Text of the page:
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Curr Opin Hematol. 2004 Mar;11(2):107-11.

Recent advances in defining the hematopoietic stem cell niche.

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Department of Molecular Biology, Princeton University, Princeton, New Jersey 08544, USA.



Hematopoietic stem cells are thought to reside in discrete cellular spaces termed "niches." The cellular elements and matrix surrounding the stem cell within the niche constitute the microenvironment. The purpose of this review is to discuss recent reports that have begun to elucidate the geographic location, key cellular type, and molecular mechanisms operating in stem cell niches.


Studies that have revealed the osteoblast as the key in vivo cellular element of the adult stem cell niche are the most significant recent findings. Additional studies have highlighted the importance of the Notch and Wingless (Wnt) signaling pathways in the hematopoietic microenvironment. Genomewide expression screens have been used to perform molecular profiling of stromal cell lines that serve as surrogate stem cell niches. These profiles have revealed novel regulatory molecules and have reinforced the roles of classic developmental morphogens in the niche space. The transcriptional profiling from these screens suggests that it is highly unlikely that a single factor or signal transduction pathway will control stem cell properties.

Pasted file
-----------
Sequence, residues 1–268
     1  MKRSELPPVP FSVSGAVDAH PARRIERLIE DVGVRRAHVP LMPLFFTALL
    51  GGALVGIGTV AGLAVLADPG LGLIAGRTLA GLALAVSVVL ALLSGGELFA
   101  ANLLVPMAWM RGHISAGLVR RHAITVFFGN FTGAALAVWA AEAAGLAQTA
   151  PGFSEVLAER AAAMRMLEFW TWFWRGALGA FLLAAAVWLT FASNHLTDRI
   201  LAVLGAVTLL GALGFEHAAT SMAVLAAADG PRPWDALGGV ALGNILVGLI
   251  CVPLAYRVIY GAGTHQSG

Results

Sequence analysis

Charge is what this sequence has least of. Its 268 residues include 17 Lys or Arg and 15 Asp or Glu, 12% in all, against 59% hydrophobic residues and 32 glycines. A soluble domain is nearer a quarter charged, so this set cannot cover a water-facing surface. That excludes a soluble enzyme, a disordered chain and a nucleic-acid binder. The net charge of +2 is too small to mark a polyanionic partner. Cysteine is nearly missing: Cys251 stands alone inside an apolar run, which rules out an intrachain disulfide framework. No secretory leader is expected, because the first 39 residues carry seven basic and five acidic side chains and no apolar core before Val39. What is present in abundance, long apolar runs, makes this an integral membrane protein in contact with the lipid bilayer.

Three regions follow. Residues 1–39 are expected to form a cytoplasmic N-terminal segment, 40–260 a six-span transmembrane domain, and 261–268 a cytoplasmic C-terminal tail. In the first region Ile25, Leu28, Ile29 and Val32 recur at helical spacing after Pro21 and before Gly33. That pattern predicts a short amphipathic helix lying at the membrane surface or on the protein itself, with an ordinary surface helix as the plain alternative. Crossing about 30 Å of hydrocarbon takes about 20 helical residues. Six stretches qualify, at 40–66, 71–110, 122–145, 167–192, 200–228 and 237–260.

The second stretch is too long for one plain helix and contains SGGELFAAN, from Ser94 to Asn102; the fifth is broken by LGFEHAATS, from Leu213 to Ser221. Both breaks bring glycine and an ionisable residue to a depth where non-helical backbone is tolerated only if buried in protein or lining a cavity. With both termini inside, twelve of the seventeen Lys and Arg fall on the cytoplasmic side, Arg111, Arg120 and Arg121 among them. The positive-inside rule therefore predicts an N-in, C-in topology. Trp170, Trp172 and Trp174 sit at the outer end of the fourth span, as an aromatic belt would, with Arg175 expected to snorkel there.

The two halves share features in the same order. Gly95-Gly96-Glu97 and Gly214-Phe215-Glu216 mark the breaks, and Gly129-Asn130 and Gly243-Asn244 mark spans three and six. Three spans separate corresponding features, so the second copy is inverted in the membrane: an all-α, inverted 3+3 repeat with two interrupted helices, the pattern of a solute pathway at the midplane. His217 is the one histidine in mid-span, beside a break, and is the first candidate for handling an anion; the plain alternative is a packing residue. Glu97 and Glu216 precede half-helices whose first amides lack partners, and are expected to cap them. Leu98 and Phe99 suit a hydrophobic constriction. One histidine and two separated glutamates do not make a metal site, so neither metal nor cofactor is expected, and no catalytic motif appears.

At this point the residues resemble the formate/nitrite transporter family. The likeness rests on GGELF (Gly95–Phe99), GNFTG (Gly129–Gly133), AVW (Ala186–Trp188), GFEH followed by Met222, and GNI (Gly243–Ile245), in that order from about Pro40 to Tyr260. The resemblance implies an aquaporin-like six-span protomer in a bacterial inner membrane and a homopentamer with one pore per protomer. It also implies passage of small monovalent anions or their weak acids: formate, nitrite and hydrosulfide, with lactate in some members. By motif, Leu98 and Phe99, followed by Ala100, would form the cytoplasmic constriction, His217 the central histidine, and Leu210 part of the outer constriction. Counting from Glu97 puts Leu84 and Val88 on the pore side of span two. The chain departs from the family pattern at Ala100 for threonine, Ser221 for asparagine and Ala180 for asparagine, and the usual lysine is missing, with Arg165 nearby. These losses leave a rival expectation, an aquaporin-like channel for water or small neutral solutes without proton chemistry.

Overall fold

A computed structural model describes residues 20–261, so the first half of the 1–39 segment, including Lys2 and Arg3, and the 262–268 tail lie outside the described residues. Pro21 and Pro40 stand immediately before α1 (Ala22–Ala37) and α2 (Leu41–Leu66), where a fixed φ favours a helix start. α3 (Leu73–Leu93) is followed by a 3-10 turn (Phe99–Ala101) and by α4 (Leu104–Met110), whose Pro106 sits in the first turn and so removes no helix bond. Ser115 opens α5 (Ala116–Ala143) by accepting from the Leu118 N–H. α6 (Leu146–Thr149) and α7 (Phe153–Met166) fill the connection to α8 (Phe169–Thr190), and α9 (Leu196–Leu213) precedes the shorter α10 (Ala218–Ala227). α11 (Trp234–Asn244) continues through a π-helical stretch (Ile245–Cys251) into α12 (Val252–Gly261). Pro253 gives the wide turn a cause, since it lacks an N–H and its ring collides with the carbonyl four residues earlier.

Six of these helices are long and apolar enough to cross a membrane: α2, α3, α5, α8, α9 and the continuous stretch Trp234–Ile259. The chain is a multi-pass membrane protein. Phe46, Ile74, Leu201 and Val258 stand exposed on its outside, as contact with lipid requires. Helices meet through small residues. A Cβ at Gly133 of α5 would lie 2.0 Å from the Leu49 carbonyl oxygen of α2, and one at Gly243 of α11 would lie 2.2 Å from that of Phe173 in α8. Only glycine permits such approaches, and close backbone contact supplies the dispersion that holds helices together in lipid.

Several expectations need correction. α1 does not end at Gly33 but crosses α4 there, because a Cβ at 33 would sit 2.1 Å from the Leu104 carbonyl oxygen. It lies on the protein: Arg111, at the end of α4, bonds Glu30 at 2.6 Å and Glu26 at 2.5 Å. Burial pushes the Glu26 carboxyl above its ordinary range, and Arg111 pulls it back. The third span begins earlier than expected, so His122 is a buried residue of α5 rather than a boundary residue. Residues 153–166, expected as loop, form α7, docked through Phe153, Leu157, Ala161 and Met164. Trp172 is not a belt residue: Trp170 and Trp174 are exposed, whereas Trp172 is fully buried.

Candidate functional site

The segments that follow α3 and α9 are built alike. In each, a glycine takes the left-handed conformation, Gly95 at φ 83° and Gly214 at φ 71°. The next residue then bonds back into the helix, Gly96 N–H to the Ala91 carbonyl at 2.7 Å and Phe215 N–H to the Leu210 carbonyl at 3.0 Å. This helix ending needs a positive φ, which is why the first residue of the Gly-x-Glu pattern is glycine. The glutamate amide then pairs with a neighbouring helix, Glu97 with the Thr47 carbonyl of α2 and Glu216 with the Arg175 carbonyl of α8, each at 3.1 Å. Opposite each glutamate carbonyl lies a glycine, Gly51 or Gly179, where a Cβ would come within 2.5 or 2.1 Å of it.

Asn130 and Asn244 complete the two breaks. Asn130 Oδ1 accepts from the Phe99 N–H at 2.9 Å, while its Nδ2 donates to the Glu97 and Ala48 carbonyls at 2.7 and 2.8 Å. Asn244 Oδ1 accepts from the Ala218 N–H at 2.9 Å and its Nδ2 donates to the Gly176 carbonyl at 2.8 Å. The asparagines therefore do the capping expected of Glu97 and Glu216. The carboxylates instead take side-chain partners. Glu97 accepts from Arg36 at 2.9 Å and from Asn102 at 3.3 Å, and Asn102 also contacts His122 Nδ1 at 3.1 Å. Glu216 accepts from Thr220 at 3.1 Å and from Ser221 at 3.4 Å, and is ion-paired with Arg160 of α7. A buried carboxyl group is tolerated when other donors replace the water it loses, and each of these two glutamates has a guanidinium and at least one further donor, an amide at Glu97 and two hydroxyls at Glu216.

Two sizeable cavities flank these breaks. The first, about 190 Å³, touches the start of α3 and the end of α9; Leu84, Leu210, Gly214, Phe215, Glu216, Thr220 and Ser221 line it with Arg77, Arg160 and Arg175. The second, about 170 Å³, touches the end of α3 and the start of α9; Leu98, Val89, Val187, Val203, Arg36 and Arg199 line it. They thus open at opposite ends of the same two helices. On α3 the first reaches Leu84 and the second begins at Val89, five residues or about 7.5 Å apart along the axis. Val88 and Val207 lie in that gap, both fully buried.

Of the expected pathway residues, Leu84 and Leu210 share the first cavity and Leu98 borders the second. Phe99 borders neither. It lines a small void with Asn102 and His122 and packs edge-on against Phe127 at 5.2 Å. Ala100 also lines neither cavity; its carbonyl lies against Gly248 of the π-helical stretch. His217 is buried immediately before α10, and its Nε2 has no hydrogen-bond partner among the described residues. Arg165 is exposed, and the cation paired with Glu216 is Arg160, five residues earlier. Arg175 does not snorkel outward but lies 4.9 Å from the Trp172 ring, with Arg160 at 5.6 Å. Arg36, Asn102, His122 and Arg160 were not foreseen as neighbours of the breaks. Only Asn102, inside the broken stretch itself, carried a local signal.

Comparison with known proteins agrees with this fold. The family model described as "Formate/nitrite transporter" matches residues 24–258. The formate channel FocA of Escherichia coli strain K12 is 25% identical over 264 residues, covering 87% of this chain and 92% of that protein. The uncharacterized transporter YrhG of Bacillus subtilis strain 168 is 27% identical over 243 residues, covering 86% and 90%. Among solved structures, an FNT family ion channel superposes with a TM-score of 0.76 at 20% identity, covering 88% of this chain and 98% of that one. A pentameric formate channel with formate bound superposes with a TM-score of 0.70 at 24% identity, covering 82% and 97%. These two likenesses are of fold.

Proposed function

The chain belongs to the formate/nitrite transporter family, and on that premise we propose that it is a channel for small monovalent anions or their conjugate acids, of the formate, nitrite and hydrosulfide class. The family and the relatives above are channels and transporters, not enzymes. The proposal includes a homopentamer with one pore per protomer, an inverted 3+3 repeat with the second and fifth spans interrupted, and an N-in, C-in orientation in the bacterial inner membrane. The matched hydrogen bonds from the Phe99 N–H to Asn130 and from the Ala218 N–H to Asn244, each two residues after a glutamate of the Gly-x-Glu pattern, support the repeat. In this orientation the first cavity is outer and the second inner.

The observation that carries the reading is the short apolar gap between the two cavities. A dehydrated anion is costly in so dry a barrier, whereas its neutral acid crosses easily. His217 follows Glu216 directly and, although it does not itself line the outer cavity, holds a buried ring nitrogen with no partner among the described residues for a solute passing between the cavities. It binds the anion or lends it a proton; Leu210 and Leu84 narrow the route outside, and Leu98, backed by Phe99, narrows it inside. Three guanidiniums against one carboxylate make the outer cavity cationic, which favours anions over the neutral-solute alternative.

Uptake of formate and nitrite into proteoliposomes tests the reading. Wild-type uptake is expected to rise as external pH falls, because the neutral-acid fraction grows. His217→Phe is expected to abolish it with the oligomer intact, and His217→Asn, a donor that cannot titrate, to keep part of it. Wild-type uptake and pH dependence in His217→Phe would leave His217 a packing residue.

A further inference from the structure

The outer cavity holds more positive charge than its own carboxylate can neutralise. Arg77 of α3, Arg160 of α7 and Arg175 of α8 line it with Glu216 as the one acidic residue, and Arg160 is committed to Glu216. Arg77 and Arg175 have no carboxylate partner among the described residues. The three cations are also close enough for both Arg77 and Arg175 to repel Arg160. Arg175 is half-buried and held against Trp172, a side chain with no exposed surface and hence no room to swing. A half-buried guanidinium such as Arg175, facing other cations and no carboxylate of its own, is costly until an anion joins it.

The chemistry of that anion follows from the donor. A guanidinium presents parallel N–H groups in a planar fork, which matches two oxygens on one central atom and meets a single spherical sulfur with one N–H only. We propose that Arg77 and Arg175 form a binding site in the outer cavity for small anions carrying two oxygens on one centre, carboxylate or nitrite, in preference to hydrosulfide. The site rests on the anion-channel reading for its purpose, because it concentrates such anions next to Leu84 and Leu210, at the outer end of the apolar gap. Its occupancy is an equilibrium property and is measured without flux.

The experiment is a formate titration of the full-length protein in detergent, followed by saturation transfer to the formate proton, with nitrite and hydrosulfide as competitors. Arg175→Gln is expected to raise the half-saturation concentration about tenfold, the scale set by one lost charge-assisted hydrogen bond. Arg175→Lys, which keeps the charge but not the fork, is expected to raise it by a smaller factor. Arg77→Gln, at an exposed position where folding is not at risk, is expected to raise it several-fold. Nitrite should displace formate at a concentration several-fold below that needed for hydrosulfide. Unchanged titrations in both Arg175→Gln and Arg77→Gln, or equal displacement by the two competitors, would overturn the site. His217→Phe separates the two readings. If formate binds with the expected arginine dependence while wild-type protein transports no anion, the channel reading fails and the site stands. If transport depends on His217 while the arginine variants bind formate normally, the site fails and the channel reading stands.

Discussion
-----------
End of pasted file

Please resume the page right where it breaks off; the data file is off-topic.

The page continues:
This review highlights the recent advances made toward elucidating the cellular and molecular attributes of the hematopoietic stem cell niche. Complete knowledge of the cellular architecture and molecular mechanisms in stem cell niches is essential to understanding the basic stem cell behaviors of self-renewal and differentiation.

[Indexed for MEDLINE]

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